'Popstar' Review: A Classic Mockumentary In Waiting
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'Popstar' Review: A Classic Mockumentary In Waiting

The Lonely Island's mockumentary provides laughs and more than a few jaw dropping moments.

'Popstar' Review:  A Classic Mockumentary In Waiting
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More than 30 years after the reign of hair bands, metal heads and the hallowed rock-band mockumentary Spinal Tap, the music industry is still as ridiculous as its always been.

Keen to the eternal issues of stage productions, lyrical shortcomings, groupies and egomaniacs, the Berkeley born comedy trio, The Lonely Island, takes on the music industry’s absurdities and deliver a hysterical spoof of just about every facet of today’s pop world, without treading on their modern day mockumentary’s predecessor.

Popstar: Never Stop Never Stopping follows the adventures, or more appropriately, misadventures, of Conner4Real, played by Andy Samberg, an egotistical dimwit who broke out of his hit-trio to pursue a solo career. Having outgrown The Style Boyz, the Beastie Boys-like ensemble that brought Conner his fame, Conner4Real splits the band after a long deserved dispute. Conner employs Owen, Jorma Taccone, to be his DJ and leaves the mildly problematic Lawrence, Akiva Schaffer, to assume a new life as a farmer. As the film begins, just about every major name in hip hop and popular music, from A$AP Rocky to Ringo Starr to Carrie Underwood to Usher, gush in interview-style about Conner4Real. There is no shortage of humor as they describe his inescapable talent and success, as well as his upcoming nationwide tour and second album.

In the style so aptly mastered by The Lonely Island in their Saturday Night Live days, the movie is propelled by faux musical numbers so gloriously satirical that audiences can not help but laugh. At other times though, there is no response more appropriate than a jaw suspended in disbelief as the raunchy absurdities, blatantly inspired by the likes of Justin Bieber and Macklemore, take place on the screen. Within just a few minutes it is clear that the goofy Conner4Real, who boasts of Bieber like tattoos and a lead single that champions for equal rights, while not missing an opportunity to assert that he himself is “not gay!”, is no longer the media darling that he used to be (cue reoccurring segment of the Will Arnett led CMZ, a TMZ parody so accurate its painful). Conner’s album is failing to sell, his tour is left with empty seats night after night, and the public is calling his decision to insert his songs into mystery speakers in their appliances a breach of privacy. But, of course, Conner only makes matters worse by partaking in a series of doomed media enticers and further distancing the loyal Owen, who was prohibited from contributing his hit-making beats to Conner’s second album, by placing a Daft Punk-inspired robotic head on him and reducing his responsibilities to pressing play on an iPod for Conner’s live performances.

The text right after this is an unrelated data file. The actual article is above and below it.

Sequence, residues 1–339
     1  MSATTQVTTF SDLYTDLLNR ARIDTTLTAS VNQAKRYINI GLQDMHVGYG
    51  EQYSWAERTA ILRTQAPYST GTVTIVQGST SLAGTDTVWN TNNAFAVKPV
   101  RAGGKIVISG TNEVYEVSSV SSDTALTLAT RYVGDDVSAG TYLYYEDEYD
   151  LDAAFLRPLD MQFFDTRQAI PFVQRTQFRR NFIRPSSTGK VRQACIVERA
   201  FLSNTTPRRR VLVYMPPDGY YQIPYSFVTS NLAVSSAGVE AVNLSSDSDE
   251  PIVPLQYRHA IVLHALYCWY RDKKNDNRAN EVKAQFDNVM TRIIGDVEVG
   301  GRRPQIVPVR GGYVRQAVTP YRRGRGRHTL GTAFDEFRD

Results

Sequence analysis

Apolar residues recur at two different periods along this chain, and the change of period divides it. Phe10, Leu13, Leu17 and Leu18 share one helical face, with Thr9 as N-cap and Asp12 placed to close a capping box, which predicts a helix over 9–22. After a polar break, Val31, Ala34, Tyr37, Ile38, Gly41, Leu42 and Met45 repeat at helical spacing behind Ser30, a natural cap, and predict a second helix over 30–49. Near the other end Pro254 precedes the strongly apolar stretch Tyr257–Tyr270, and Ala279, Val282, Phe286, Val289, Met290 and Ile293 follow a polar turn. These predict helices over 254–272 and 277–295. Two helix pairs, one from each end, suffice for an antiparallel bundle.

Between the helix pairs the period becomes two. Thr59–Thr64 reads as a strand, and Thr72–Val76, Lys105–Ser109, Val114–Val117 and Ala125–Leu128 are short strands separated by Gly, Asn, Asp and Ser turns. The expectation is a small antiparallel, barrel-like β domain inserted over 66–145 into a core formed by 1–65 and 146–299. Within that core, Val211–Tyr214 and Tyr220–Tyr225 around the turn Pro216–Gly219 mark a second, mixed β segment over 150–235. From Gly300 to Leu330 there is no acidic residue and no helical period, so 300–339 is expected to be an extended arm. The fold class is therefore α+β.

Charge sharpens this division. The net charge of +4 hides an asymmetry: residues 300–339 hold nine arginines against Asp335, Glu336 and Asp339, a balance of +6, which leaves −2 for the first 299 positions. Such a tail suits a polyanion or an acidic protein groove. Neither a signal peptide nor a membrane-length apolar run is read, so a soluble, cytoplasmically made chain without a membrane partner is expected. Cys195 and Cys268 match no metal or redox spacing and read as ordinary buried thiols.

In an effort to save the dying tour, Conner’s publicist and manager, played by Sarah Silverman and Tim Meadows respectively, bring on an opening act, Hunter the Hungry, played by the hilarious breakout star Chris Redd. As can be guessed, things only proceed to go wrong for Conner4Real, who’s narcissism has left him in the background of his own tour and with a single friend…who happens to be a turtle. In the short time left in the 86-minute flick, Conner continues his journey, but this time on a different trajectory as he seeks redemption and true friendship, with the final few lines of the film being undoubtedly cheesy, but heart warming.

Samberg, Taccone and Schaffer, in the follow up to their debut full length feature, Hot Rod, supersede all expectations and present a side-splitting comedy, which true to their Lonely Island form, is often tasteless, vulgar, and senseless. With a sense of humor that is seemingly universal, jokes that are comical solely because of the sheer number of times they are repeated, one liners that a child could have written, and many more that are nowhere near suitable for young ears, The Lonely Island’s Popstar is an acutely aware film that leaves few in the music business unscathed, and manages to deliver a sincere message while capitalizing on every comedic strength the trio has.

Akin to Spinal Tap, there is no doubt that this uproarious comedy will find itself amongst the greatest mockumentaries, and act as a cognizant limelight for the outlandish music world of today.

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This article has not been reviewed by Odyssey HQ and solely reflects the ideas and opinions of the creator.
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